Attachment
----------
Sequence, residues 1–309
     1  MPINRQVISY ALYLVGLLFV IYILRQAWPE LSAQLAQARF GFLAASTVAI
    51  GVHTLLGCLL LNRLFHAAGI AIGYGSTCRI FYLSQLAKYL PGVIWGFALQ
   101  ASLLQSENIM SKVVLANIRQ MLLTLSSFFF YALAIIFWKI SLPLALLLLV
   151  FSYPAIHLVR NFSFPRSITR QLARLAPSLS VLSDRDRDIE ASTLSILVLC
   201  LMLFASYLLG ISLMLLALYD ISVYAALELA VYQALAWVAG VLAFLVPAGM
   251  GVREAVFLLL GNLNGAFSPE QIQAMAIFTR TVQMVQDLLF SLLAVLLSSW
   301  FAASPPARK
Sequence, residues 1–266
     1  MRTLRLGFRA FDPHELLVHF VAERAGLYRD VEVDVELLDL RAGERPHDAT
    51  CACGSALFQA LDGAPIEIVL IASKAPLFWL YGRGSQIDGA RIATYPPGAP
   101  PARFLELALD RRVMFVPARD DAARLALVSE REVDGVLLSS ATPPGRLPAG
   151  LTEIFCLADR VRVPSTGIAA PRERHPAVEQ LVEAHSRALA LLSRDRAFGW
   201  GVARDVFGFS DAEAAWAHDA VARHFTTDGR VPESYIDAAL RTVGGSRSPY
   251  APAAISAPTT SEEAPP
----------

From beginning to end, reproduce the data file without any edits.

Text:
Sequence, residues 1–309
     1  MPINRQVISY ALYLVGLLFV IYILRQAWPE LSAQLAQARF GFLAASTVAI
    51  GVHTLLGCLL LNRLFHAAGI AIGYGSTCRI FYLSQLAKYL PGVIWGFALQ
   101  ASLLQSENIM SKVVLANIRQ MLLTLSSFFF YALAIIFWKI SLPLALLLLV
   151  FSYPAIHLVR NFSFPRSITR QLARLAPSLS VLSDRDRDIE ASTLSILVLC
   201  LMLFASYLLG ISLMLLALYD ISVYAALELA VYQALAWVAG VLAFLVPAGM
   251  GVREAVFLLL GNLNGAFSPE QIQAMAIFTR TVQMVQDLLF SLLAVLLSSW
   301  FAASPPARK
Sequence, residues 1–266
     1  MRTLRLGFRA FDPHELLVHF VAERAGLYRD VEVDVELLDL RAGERPHDAT
    51  CACGSALFQA LDGAPIEIVL IASKAPLFWL YGRGSQIDGA RIATYPPGAP
   101  PARFLELALD RRVMFVPARD DAARLALVSE REVDGVLLSS ATPPGRLPAG
   151  LTEIFCLADR VRVPSTGIAA PRERHPAVEQ LVEAHSRALA LLSRDRAFGW
   201  GVARDVFGFS DAEAAWAHDA VARHFTTDGR VPESYIDAAL RTVGGSRSPY
   251  APAAISAPTT SEEAPP